UFC 217’s Cody Garbrandt ready to take his place as sport’s next big thing
The way Cody Garbrandt sees it, the back injury that delayed his first UFC title defense was the latest thing to shape his rise from imperfect youth to a champion with a perfect record.
“I’m always being tested in this life. You can say whatever about your own beliefs, but I feel God tests me, so I’m always on my toes,” Garbrandt said. “You’re tested to see if you can handle the win, and the loss.”
By winning the bantamweight belt in December over veteran mixed martial artist Dominick Cruz, Garbrandt (11-0) was positioned for the type of rapid rise that saw Conor McGregor become an international star.
He was given a coaching role on cable television’s “The Ultimate Fighter” against former stablemate and ex-bantamweight champion T.J. Dillashaw to build up their scheduled July fight, and was penciled in for a variety of other promotions to maximize his audience.
UFC parent company WME-IMG, the Beverly Hills talent agency, couldn’t have hand-picked a better potential star than Garbrandt, 26, whose turbulent youth — he has a knife wound in his leg and tattoos up his neck — complements his thunderous right hand.
Saturday night in the co-main event of UFC 217 at Madison Square Garden, Garbrandt’s close-up arrives when he and former Cal State Fullerton wrestler Dillashaw (15-3) settle their score.
“We weren’t really friends,” Dillashaw said of his time with Garbrandt in retired UFC fighter Urijah Faber’s Sacramento-based Team Alpha Male gym. “[Garbrandt] was a hungry kid coming in. I had the belt. I coached his practices, held mitts. It was strictly business.”
But while Dillashaw lost his belt to Cruz by a narrow decision, Garbrandt hammered Cruz with the most significant strikes to then claim the belt.
So what if no one has solved Garbrandt in the octagon yet, Dillashaw said, theorizing he’ll be the first — just like when he won the belt from Brazilian Renan Barao.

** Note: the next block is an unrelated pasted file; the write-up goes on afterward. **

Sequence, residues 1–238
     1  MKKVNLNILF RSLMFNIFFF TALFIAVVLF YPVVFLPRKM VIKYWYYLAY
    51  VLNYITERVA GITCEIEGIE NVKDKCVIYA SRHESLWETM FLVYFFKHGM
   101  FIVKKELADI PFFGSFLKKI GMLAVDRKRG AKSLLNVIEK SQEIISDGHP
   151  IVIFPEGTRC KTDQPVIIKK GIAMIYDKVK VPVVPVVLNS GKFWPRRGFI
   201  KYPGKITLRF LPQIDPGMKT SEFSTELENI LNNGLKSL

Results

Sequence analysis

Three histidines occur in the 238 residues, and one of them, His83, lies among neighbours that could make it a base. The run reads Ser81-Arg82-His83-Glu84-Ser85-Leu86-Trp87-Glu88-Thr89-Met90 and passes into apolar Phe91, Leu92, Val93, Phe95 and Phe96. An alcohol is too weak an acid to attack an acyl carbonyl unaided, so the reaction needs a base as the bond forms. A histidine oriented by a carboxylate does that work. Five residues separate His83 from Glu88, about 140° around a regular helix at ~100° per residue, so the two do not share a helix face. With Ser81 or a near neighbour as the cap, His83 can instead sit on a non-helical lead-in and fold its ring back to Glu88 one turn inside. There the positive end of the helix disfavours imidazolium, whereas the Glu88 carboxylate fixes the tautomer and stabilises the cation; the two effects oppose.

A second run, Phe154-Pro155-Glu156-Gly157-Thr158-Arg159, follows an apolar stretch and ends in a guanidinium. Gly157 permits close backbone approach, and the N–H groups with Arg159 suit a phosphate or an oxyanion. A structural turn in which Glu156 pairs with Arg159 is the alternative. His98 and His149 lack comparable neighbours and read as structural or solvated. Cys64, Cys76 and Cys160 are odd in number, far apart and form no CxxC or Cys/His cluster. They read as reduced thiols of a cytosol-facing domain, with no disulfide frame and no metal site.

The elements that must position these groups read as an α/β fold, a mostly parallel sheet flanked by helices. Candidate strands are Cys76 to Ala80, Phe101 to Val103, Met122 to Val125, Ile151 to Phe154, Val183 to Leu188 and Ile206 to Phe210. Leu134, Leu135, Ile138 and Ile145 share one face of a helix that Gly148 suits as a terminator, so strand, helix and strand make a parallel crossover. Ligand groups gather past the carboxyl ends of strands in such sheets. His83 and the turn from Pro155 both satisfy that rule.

“Everyone puts their pants on one leg at a time. I’ve trained with this guy. I know his holes. I’ve seen them. I’ve watched his tape,” Dillashaw said. “Everyone’s beatable. … There’s holes in his game. You’ve seen him change a lot, change his character. … All this fame coming to him is going to mess with him a lot.”
Garbrandt disagrees, contending that the stability and loyalty in his camp contrast with the shifting voices Dillashaw relies on in his fight preparation.
“T.J. was always out for himself. It was about whatever T.J. could get out of it, obviously. Look at him now. He’s all over the place. He’s … on the corner, bouncing around the gyms. He uses everyone until it’s all washed up and then he moves on, and that’s the God’s honest truth,” Garbrandt said. “The truth always comes out, and the truth will come out Nov. 4. I am the truth.”
Dillashaw admits he counted on multiple voices to shape his preparation for Garbrandt.
“As long as you’re willing to soak up information and learn from everybody that’s worth learning from, it’s going to help me become a new fighter,” Dillashaw said. “The best thing you can do is keep your opponent guessing.”
During Garbrandt’s injury layoff, he and his wife learned their first child, a son, would be born in March. And that blinding allure of a brilliant future in the sport was softened amid the extended downtime before this week’s arrival in New York.
“I went out there and dethroned one of [the UFC’s] best champions — a master-class opponent — and nobody had been able to do anything like that with him,” Garbrandt said.
In a year when the UFC’s biggest moneymaker was McGregor’s novelty boxing loss to Floyd Mayweather Jr. and the most successful pure UFC card was headlined by Jon Jones, since stripped of his light-heavyweight belt because of a repeat positive performance-enhancing drug test, the organization needs Saturday’s card.
Former welterweight champion Georges St-Pierre returns from a four-year absence to fight for middleweight champion Michael Bisping’s belt in the main event, but Garbrandt thinks his performance will have a more lasting impact.
“We’re the real main event — two guys who don’t like each other, a backstory, two guys who put it on the line all the time,” Garbrandt said. “T.J. had his time; he hit his peak. I looked him in the eyes. Man, he looks old.”